Use Science to Talk to Your Teens about Drinking
If you’re a parent, you should assume that your child will be tempted to drink on prom night and other celebrations that mark the end of the school year. In a 2005 survey of high school students, about 43 percent had consumed alcohol in the past 30 days, and 75 percent had tried alcohol at least once. Even more concerning, about one in three students had been a passenger in a car driven by someone who had been drinking.
But instead of just sharing these statistics with your kids and telling them not to drink, use science to reinforce the message. The American Association for the Advancement of Science offers a Science Inside Alcohol Project, funded by the National Institute on Alcohol and Alcoholism, which suggests educating kids about the science of alcohol to explain how it affects adult and adolescent brains differently.
Here are five things the AAAS says you should tell your kids:
1.) If you want to remember prom or your graduation party, don’t drink. The hippocampus is the part of the brain that stores memory; because it is still developing in teens, even small amounts of alcohol can wipe away their memories of the night.
2.) Drinking changes your judgment. Alcohol makes people less inhibited, which can lead to risky behaviors like driving under the influence and becoming involved in sexual situations. Tell teens that their prefrontal cortex, which controls decision making, isn’t mature until their late 20s, so they are especially vulnerable to the effects of alcohol on their judgment.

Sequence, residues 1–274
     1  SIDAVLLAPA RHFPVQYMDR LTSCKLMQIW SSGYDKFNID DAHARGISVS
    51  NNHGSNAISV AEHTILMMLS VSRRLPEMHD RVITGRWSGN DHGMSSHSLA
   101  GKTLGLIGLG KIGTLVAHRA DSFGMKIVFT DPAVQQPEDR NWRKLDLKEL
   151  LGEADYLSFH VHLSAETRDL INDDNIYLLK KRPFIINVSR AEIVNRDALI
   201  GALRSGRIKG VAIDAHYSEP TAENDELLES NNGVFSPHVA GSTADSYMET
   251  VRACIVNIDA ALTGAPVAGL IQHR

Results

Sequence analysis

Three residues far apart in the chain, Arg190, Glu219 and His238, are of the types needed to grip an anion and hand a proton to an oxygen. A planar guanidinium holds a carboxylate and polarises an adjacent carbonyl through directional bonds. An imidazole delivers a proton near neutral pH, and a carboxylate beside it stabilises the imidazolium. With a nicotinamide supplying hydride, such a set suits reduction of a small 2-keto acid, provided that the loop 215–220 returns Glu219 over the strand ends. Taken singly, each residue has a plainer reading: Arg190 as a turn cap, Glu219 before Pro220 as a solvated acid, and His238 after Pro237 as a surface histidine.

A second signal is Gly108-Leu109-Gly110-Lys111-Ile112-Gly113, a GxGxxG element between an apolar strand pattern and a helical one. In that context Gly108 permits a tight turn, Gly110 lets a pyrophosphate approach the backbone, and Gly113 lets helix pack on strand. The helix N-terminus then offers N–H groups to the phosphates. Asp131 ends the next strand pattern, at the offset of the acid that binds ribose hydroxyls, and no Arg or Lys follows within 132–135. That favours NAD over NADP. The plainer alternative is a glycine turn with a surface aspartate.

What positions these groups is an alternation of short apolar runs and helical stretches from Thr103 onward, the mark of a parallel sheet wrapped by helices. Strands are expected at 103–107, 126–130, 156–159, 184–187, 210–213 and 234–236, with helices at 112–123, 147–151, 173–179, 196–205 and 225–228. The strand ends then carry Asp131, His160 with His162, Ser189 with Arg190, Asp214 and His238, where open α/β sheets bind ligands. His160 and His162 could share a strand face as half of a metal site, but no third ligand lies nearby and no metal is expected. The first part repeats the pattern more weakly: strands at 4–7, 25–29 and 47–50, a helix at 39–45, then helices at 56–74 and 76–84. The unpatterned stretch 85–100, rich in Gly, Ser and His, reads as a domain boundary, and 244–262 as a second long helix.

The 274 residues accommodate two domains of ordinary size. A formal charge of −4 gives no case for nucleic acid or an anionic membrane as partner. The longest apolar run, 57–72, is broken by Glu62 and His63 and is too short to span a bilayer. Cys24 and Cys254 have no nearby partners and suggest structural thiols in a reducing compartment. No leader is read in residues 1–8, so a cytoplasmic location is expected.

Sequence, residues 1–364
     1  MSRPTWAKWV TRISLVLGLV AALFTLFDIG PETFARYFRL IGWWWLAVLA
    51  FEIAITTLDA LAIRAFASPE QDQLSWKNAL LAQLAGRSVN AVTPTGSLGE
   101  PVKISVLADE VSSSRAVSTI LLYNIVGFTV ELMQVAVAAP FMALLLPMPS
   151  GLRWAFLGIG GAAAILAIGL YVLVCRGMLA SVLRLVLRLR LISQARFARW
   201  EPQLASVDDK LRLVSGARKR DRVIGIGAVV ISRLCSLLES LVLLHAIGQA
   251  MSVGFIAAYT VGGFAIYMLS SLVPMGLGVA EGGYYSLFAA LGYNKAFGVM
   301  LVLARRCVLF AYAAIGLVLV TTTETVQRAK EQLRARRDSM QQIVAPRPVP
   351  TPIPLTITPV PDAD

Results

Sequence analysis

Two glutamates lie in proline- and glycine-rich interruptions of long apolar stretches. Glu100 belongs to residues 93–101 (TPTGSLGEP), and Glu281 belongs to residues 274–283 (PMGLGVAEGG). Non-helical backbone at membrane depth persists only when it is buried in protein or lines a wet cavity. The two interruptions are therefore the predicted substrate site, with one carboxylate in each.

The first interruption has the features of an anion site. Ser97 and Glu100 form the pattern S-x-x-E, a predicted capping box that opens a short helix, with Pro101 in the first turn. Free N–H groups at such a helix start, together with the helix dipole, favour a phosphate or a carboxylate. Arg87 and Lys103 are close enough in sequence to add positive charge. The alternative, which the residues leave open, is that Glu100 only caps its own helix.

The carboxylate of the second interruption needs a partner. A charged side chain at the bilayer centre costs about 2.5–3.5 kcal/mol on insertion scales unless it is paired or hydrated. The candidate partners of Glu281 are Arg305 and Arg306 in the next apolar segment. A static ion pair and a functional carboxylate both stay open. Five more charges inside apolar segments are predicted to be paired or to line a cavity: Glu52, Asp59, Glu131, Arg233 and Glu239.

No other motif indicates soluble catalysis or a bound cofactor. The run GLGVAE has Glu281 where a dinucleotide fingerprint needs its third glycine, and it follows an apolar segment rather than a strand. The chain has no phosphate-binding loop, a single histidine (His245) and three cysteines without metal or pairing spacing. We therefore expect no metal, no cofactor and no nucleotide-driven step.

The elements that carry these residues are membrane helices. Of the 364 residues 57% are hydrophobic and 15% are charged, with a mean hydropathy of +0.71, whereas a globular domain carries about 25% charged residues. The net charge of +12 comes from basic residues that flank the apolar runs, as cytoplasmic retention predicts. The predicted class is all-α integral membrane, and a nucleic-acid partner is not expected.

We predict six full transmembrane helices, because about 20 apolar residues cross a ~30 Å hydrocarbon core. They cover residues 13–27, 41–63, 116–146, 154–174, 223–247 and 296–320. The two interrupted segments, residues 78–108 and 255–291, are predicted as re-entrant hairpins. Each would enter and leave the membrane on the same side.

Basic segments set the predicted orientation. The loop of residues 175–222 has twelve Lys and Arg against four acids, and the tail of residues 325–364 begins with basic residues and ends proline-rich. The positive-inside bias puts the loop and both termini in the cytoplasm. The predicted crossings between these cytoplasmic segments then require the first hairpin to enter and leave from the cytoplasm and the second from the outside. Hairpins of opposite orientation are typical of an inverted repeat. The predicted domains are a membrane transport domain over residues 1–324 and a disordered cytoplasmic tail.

3.) Alcohol increases risk for violence. Studies show that teens who drink are more prone to fighting and violence; in fact, a London study found that about one in four teens who drink say they damaged or destroyed something while drinking. Tell teens that if they get into a fight at prom or a party, they might be suspended from school or miss the graduation ceremony.
4.) Drinking can make you sick. Alcohol irritates the stomach and increases the risk for throwing up on and ruining that expensive dress or tuxedo.
5.) Hangovers force you to cancel plans. If you drink too much on prom night or at a graduation party, you’ll likely spend the next day miserable and in bed, which could make you miss other fun events.
When it’s time to have the alcohol talk, teens will be more prone to listen and take the conversation to heart if you give them better reasons than “just don’t do it.”
Source: The New York Times, Tara Parker-Pope, Using Science to Keep Teens Sober at Prom, May 2, 2009